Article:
“Global problems can only be solved together,” said Germany’s Federal Chancellor Angela Merkel at the Petersberg Climate Dialogue. In Berlin, representatives from 35 countries prepared for the next climate conference in Poland.
Germany is fully committed to the Paris Agreement on climate change, reaffirmed Federal Chancellor Angela Merkel. By now, 178 countries have ratified the agreement.
A year ago, the United States announced that it intends to withdraw from the Paris Agreement on climate change. Against this background, Merkel called for stronger cooperation on climate protection: “We want to adopt a robust set of rules (for implementation) by the end of the year, at the UN Climate Change Conference in Katowice.”
With the Paris Agreement, the participating states also agreed to draw up specific and binding rules for its implementation. The efforts of the participating states are not yet sufficient to avert climate change. In future, the contributions of the individual states should be measurable and comparable. Many states want to expand their national commitments, and thus send a clear political signal in December.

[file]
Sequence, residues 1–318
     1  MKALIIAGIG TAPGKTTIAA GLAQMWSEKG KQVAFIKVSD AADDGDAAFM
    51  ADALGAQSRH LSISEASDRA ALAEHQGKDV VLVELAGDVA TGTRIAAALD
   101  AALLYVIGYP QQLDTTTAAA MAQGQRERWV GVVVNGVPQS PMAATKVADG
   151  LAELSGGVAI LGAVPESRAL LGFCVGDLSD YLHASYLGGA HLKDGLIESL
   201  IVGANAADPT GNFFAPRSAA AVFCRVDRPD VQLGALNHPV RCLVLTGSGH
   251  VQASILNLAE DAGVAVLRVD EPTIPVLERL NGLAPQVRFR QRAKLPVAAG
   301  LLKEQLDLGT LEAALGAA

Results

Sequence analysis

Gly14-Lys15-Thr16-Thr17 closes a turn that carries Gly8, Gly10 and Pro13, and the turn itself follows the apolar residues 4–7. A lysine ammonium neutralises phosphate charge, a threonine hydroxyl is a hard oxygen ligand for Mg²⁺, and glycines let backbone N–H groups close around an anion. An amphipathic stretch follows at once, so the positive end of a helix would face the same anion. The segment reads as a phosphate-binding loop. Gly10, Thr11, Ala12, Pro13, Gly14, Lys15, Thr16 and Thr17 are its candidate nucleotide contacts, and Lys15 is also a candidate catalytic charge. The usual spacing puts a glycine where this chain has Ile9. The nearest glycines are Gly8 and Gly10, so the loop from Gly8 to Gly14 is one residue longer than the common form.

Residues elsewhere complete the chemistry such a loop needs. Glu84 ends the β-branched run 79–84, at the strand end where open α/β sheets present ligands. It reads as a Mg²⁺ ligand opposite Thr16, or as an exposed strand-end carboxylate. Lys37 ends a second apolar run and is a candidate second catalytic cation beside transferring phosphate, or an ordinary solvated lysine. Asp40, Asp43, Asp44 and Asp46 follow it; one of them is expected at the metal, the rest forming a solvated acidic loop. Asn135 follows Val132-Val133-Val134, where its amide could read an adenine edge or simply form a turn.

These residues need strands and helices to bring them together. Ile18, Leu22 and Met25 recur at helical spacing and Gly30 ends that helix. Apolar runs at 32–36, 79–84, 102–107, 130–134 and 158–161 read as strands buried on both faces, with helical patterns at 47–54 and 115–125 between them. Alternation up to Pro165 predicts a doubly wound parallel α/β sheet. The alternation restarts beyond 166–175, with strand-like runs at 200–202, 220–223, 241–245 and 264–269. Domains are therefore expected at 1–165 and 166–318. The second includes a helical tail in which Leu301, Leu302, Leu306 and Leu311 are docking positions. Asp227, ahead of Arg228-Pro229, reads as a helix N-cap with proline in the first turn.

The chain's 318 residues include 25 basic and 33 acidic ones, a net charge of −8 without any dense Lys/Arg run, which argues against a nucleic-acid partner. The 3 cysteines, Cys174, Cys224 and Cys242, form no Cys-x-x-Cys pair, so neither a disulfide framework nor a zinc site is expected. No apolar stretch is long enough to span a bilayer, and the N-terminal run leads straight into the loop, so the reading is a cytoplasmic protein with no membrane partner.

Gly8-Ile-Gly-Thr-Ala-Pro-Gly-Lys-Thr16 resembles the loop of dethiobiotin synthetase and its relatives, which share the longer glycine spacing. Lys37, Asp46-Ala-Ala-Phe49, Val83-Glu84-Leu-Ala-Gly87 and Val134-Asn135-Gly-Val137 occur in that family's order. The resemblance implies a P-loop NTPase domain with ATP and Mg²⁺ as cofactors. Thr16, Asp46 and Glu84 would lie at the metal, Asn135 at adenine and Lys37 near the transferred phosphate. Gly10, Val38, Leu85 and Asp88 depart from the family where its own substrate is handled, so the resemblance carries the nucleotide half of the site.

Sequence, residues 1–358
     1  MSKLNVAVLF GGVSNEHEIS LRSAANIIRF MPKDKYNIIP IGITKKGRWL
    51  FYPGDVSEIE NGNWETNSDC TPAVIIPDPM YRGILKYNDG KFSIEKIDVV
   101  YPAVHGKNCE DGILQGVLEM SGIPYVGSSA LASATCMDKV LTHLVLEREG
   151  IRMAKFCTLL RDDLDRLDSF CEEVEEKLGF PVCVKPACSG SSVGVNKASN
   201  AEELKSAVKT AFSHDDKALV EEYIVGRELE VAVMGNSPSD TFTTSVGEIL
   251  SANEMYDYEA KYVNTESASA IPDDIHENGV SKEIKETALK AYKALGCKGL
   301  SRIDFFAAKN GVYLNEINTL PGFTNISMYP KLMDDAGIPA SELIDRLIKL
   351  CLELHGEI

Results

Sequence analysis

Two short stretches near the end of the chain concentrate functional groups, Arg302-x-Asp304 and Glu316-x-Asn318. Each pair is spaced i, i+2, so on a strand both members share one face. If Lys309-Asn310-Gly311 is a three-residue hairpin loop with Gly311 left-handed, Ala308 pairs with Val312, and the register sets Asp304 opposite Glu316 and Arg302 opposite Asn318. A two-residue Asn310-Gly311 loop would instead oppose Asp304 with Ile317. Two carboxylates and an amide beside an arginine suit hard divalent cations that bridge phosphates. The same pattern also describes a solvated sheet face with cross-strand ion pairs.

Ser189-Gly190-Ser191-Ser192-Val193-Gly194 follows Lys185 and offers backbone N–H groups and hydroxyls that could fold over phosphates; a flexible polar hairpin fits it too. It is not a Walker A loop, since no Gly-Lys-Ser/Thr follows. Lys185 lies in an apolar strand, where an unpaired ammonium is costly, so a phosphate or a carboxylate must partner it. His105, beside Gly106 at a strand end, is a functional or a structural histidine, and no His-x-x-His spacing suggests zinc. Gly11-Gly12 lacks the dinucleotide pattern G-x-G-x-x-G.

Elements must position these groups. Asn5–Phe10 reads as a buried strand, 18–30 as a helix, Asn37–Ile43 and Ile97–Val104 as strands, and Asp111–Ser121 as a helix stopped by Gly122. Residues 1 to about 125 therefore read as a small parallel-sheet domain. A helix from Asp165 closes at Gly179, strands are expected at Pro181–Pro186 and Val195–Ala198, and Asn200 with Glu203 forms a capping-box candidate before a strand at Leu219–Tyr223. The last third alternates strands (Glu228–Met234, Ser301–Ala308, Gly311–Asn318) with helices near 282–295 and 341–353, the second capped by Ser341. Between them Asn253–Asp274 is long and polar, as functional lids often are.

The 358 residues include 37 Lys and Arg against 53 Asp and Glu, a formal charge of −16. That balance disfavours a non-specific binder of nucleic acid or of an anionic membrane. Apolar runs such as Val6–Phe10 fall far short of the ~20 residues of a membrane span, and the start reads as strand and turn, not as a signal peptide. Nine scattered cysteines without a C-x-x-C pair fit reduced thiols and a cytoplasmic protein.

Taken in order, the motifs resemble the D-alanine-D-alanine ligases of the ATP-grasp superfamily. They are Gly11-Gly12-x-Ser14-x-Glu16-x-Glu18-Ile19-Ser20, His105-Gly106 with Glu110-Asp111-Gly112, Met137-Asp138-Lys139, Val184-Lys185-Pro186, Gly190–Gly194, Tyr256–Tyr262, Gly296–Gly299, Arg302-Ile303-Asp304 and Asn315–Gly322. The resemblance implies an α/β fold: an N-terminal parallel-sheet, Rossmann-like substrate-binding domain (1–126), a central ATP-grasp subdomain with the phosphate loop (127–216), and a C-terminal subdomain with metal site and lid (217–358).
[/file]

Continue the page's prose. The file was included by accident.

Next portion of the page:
If action is not taken, by the year 2100 several hundred million people globally will be affected annually by floods, warned the German Minister of the Environment, Svenja Schulze.
The latest climate protection report shows that Germany will miss its self-imposed goals. “We in Germany must admit that we need to improve again,” Merkel said. The Federal Government is accelerating the phasing out of power generation from coal. In order to avoid detrimental effects on the population, the Federal Government has established a commission on structural change. The “Commission on Growth, Structural Change and Employment” will draft proposals for socially-equitable and economically-responsible structural development by December. With such change, it is necessary to first consider those affected, and not only the CO2 emissions, according to Merkel.